In Review

Podcasts of the week: the chilling, the scary and the fearful

Featuring The Apology Line, The Battersea Poltergeist, 10 Things That Scare Me

With the arts world “largely in hibernation”, the launch of a major podcast is “as close as we get to a big cultural event these days”, said Robert Jackman in The Spectator. The Apology Line, from Amazon-owned Wondery, was released last week and shot straight to the top of the “most downloaded” charts. It is about a conceptual artist named Allan Bridge, who in the 1980s invited New York’s criminal classes to record anonymous confessions on an unmanned phone line. The idea was to shed voyeuristic light on the city’s darkest corners. It is narrated by Marissa Bridge, Allan’s widow. She has a slightly “wooden” delivery, said Fiona Sturges in the FT, but that doesn’t matter: this is a gripping tale, grippingly told – and the recordings alone make for “remarkable” listening. “Some are tinged with sadness and shame; others carry the sound of a weight being lifted. A handful are downright chilling.”

If it’s chills you like, the The Battersea Poltergeist is a “hugely entertaining” telling of a 1950s mystery, said Miranda Sawyer in The Observer. Written and hosted by Haunted presenter Danny Robins, the BBC podcast skilfully interweaves three elements. First, there’s the real-life cold case: a “poltergeist haunting” that continued for several years in a family home in south London. Robins looks at contemporary newspaper accounts; explores the notes of a “paranormal investigator” involved at the time; and speaks to the girl whose home was affected – the now 80-year-old Shirley. Then there are dramatic re-enactments, with Toby Jones as the investigator. At first I found these stagey, but I soon started to relish “their Gothic campery, the sudden noises, the screams and palaver”. And under it all there’s fantastically “strange music” that heightens the atmosphere of “mad theatrics”. It’s “fabulous” stuff: enjoy it on headphones in the dark.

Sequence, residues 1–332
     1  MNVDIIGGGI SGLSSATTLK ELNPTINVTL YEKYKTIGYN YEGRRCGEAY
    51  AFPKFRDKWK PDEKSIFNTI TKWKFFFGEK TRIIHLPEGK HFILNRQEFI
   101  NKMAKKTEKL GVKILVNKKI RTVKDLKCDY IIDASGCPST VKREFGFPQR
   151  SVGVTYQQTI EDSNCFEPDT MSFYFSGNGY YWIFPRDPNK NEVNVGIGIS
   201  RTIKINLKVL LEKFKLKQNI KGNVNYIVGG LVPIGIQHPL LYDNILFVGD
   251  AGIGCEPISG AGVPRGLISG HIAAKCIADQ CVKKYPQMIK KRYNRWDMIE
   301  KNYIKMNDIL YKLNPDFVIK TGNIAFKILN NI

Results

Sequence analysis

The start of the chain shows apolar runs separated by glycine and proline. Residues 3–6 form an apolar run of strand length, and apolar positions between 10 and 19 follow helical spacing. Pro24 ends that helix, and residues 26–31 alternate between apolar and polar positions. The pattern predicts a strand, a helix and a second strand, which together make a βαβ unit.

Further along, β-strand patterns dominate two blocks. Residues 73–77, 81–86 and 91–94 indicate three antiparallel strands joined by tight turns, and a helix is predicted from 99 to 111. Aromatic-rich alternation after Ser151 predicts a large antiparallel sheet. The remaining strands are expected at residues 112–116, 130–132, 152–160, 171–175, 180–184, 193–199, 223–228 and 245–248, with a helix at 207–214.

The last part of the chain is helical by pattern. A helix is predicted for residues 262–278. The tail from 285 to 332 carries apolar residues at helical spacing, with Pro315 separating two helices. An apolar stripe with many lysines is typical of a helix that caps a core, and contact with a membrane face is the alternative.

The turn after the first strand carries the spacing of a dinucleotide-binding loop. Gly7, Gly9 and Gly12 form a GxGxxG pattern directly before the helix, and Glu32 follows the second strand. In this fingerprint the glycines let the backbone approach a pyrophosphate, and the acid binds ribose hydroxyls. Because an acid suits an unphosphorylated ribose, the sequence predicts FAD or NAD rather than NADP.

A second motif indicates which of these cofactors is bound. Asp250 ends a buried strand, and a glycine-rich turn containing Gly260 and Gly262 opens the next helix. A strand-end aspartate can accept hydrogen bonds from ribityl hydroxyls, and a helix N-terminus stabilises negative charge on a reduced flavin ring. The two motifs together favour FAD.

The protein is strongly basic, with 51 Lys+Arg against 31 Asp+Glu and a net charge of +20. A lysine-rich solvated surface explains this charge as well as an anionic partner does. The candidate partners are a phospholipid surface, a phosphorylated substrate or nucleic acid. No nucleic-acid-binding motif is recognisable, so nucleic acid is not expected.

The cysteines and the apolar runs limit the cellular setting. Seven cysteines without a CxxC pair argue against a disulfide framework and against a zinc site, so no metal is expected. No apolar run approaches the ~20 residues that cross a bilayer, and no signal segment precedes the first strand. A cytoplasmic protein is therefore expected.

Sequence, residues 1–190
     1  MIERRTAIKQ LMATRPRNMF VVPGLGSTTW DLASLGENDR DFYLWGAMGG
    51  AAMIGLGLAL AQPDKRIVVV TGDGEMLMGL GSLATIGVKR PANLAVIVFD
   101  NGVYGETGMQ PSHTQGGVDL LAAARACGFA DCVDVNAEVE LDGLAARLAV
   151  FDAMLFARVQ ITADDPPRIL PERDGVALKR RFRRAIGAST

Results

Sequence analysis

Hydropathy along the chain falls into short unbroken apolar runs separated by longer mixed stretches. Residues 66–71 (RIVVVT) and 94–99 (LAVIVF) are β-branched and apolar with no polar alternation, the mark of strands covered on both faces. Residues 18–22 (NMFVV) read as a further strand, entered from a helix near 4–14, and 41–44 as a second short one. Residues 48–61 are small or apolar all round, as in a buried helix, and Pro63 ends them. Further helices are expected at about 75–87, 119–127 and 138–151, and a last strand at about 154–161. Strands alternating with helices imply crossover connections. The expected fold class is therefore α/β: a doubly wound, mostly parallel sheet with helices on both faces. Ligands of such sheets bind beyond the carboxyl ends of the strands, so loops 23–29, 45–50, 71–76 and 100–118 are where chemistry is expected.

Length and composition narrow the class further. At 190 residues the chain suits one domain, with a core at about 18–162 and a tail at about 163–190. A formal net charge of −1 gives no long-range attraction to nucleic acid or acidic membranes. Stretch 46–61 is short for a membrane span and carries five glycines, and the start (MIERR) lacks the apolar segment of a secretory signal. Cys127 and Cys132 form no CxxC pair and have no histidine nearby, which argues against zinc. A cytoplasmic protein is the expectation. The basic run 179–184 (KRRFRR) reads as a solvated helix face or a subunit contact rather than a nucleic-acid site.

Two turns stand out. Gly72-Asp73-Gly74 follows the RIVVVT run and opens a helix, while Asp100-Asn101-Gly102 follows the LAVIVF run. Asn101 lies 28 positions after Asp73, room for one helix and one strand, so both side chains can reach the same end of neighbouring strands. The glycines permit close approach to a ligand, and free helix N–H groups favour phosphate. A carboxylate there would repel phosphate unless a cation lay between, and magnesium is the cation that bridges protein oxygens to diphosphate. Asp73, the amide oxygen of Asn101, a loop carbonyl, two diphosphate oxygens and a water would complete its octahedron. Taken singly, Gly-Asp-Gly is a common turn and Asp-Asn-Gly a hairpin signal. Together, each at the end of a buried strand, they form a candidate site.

The long-established American serial 10 Things That Scare Me calls itself “a tiny podcast about our biggest fears”. It is certainly “bite-size”, said Madeleine Finlay in The Guardian. Each episode, in which guests (some celebrities, some not) discuss their private fears, is just five to ten minutes long. “Some fears are given no more than a few seconds to hang in the air before the guest moves on.” But the format works brilliantly, with each fear – from spiders, to climate change, to falling off a cliff – uncovering a slice of someone’s personality and life. A common theme is that many of us are scared of both “serious and silly” things. “In fact, pushing the big and small together is one of the things that makes the podcast so enjoyable (and reassuring during a time when it feels like there’s a lot to be scared of).” 

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